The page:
On April 12th, I ventured out to visit Mt Ord for an early spring bird outing and hike. This is a spot that I have come to love to visit as it is the highest elevation in Maricopa County and much of it lies within Maricopa County while part of it also lies in Gila County. I discovered this place only because of a great website designed by a good friend and great birder, Tommy DeBardeleben. His website was my primary tool for birding Maricopa County when I first became very active in birding in Arizona. First couple of visits to this place by myself and I will admit that I was a bit timid about wandering around up there by myself, but now, I feel quite at home and very comfortable. A great place to get away and enjoy some solitude and some great birds. The elevation of this wonderful spot creates a whole new habitat not found elsewhere in Maricopa County. The pine forests are a breath of fresh air. On this trip I devoted most of my time to the 1688 trail which is totally in Maricopa County.
Warblers were my main objective and they did not disappoint. By far the most numerous species was the Black-throated Gray Warbler and was basically what I expected. Par for the course, warblers are one of the trickiest group of birds to photograph as they are usually quite energetic and many species can be only found high in the trees. With all the pine needles around this bird, I was quite surprised to actually capture a couple of view-able photos.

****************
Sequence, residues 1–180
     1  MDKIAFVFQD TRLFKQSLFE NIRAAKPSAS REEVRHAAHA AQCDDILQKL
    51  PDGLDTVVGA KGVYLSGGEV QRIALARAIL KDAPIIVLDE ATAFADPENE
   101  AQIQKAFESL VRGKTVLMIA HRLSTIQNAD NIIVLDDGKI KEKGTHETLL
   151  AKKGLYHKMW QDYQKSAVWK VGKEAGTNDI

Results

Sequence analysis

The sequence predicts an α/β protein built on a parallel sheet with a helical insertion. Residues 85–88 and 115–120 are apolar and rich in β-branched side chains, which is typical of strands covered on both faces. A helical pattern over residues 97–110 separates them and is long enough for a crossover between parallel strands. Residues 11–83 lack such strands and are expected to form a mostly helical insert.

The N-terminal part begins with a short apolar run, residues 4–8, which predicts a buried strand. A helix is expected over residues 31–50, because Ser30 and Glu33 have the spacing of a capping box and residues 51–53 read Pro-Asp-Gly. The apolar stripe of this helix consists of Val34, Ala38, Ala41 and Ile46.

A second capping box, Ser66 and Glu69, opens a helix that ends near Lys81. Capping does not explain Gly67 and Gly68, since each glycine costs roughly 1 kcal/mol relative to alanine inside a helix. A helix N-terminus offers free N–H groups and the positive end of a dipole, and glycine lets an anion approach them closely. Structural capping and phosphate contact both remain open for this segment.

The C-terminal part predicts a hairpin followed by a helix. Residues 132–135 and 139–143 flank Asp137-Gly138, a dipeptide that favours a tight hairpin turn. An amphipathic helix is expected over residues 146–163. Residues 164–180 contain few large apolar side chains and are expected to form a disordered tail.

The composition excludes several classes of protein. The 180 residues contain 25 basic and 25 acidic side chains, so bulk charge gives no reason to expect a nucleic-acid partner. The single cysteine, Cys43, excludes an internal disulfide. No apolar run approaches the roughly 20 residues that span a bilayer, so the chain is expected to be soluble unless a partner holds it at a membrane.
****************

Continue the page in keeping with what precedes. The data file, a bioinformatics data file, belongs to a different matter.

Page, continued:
Black-throated Gray Warbler
Black-throated Gray Warbler
I also had Grace's Warblers and Painted Redstarts, but they proved to be much more difficult and did not allow any photos. A Virginia's Warbler did allow some photos but made it a bit trickier.
It seems that I am always learning something new about birds on just about every outing, even on places I have visited frequently and this day was no exception. The 1688 trail is rather unique in that it passes through tall Ponderosa pines, but is also on the upper reaches of the desert scrub oak, so it is kind of on the fringe of 2 different habitat zones. Along this road I had several Black-chinned Sparrows and a few Gray Vireos. Normally I stop at points lower on the mountain to observe these birds, but this time I was finding them in this higher elevation. At least 2 Gray Vireos made themselves seen, not necessarily providing the best pose for photos, but just seeing them is very positive.
A couple of other very numerous species were the Spotted Towhee and the Blue-gray Gnatcatcher. Both species do breed in these habitats, so seeing them and hearing them throughout the hike was very much welcomed.
One last photo to share is my FOS (first of the season) Broad-tailed Hummingbird, which is a hummer usually found in higher elevations in Arizona.
This place is always a fresh new place to visit after spending so many birding excursions in and around the Phoenix desert spots as the variety of bird life is very different and such a great change.